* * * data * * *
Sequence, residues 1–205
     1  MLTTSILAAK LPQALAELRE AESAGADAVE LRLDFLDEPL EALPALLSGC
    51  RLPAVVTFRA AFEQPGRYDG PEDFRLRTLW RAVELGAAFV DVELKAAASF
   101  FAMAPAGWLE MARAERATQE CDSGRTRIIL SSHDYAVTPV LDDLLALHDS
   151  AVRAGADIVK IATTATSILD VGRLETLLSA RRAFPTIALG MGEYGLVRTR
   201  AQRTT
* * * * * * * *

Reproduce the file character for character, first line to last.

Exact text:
Sequence, residues 1–205
     1  MLTTSILAAK LPQALAELRE AESAGADAVE LRLDFLDEPL EALPALLSGC
    51  RLPAVVTFRA AFEQPGRYDG PEDFRLRTLW RAVELGAAFV DVELKAAASF
   101  FAMAPAGWLE MARAERATQE CDSGRTRIIL SSHDYAVTPV LDDLLALHDS
   151  AVRAGADIVK IATTATSILD VGRLETLLSA RRAFPTIALG MGEYGLVRTR
   201  AQRTT